The repair is typically done by suturing the gap together and closing the incision. Your doctor may attach mesh internally to strengthen the repair.

A hernia can be repaired with a traditional, or open, surgery that uses a single conventional incision. An open surgery might be necessary if the hernia is complicated. One example is when a piece of the intestine pushes through the abdominal wall and is squeezed off from the blood supply.

At St. Dominic’s, small hernias can usually be repaired with outpatient laparoscopic surgery. Larger hernia repairs, such as those along the site of a previous operation, might require a hospital stay of one to two days.

Sometimes, a doctor may begin a laparoscopic procedure but decide during the surgery to switch to a traditional operation. The reasons for converting to a traditional surgery include:

  • Obesity
  • Scar tissue
  • Difficulty seeing internal organs
  • Bleeding problems

The risks of hernia repair are very low. Your doctor will describe how to avoid an infection and deal with any pain from the procedure. There is a risk the hernia may come back, but that risk is much lower if mesh is used.

Laparoscopic hernia repair is usually done with outpatient surgery. You likely will be able to go home the same day. Your doctor will provide detailed instructions on how make sure you heal as quickly as possible.

The bladder is hollow organ in the abdomen just behind the pubic bone used to store urine. When it’s empty, it is about the size and shape of a pear.

Treating bladder cancer is usually is done by removing the organ. The procedure, a cystectomy, can be done in several ways. A traditional, or open, surgery, involves a single incision. Minimally invasive surgery, by comparison, uses several small incisions.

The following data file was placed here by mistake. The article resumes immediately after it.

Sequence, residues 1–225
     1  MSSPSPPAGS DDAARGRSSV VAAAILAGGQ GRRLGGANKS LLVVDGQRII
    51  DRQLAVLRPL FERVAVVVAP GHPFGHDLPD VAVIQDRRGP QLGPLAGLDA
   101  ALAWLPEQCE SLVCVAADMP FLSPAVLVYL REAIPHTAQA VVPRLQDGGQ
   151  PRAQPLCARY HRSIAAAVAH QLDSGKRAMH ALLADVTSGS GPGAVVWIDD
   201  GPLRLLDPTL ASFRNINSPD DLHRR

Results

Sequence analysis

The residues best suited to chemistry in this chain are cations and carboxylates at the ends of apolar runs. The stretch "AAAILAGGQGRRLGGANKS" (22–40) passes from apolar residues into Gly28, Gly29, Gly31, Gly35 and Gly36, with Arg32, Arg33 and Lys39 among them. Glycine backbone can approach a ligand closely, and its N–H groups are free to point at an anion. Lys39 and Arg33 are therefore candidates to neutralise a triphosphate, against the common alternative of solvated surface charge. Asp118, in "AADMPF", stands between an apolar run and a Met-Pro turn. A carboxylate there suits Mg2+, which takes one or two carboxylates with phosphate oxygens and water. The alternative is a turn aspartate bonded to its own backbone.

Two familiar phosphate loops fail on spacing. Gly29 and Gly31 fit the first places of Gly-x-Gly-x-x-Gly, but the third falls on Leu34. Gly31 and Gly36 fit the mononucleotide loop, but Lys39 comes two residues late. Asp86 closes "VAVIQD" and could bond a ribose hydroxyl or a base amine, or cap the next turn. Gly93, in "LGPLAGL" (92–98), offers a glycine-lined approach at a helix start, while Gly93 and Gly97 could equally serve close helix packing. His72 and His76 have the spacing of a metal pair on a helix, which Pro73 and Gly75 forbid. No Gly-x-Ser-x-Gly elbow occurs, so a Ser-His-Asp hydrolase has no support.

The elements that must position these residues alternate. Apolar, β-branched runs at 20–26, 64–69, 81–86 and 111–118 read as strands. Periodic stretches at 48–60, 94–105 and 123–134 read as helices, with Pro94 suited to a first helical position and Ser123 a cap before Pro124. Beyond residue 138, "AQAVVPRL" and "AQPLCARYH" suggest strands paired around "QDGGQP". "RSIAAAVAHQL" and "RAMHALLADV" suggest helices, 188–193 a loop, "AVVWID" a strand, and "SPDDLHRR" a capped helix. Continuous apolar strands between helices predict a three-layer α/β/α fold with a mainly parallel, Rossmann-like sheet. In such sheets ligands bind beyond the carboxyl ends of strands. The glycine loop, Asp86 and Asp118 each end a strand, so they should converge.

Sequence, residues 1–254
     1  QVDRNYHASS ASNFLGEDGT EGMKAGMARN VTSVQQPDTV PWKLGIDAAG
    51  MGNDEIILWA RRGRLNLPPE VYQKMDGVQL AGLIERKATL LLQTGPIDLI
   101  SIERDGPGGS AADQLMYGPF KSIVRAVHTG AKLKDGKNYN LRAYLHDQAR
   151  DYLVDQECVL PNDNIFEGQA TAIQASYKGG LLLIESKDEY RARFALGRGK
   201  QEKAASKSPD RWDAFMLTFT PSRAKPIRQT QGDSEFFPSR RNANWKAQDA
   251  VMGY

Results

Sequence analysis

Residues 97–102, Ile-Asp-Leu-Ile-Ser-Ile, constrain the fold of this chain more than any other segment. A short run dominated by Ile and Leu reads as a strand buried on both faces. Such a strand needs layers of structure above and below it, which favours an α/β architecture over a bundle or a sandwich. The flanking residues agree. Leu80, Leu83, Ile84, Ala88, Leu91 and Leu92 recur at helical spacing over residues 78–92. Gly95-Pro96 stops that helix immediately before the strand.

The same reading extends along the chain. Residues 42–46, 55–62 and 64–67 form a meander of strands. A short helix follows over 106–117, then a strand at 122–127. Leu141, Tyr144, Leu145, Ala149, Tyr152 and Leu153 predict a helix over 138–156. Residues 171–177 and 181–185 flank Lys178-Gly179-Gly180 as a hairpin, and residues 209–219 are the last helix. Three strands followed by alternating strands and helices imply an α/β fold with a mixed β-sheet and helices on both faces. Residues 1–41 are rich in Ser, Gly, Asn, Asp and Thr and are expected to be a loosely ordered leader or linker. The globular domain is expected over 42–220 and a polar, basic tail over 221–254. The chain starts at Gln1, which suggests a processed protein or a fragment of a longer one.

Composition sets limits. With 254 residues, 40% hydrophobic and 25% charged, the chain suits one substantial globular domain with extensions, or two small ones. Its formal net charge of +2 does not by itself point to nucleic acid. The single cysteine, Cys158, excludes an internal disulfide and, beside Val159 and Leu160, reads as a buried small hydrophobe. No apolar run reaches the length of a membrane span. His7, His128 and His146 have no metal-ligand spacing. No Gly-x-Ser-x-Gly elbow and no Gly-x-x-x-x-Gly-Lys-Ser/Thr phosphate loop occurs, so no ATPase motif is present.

There are two kinds of minimally invasive surgery for removal of the prostate: laparoscopic and robotic laparoscopic.

  • In laparoscopic surgery, a small lighted camera called a laparoscope and other instruments are inserted through the openings. A doctor operates the laparoscope and other instruments by hand.
  • Robotic laparoscopic surgery also uses several small incisions. The difference is that a doctor moves the surgical equipment using robotic arms from a computer near the operating table.

Laparoscopic surgery, either with or without the assistance of robotic arms, generally produces better surgical outcomes than a traditional surgery. The recovery process months afterward is similar. The advantages of laparoscopic surgery generally are less blood loss and pain during the surgery and a better appearance.

A robotic laparoscopic surgery generally takes longer than a traditional procedure may be difficult for a patient who is very thin or very large.

If the disease or injury is small enough, your doctor may choose to remove just part of the bladder. Your bladder still functions after the surgery, but you may have to urinate more frequently. If the bladder is completely removed, your doctor will discuss your options, including a separate surgery to reconstruct the functions of the bladder.

In some cases, a surgery that begins with the intent to remove just part of the bladder changes to removal of all of the bladder after the surgery has begun. In some operations, a doctor converts the laparoscopic procedure to an open surgery with a traditional incision. The chances of these changes are low, and your doctor will describe what might cause them.

In both men and women, removal of the bladder might damage nerves that affect a person’s sexual functioning. As with all surgery, there is a risk of infection or pain after surgery. Your doctor will provide detailed instructions on how make sure you heal as quickly as possible.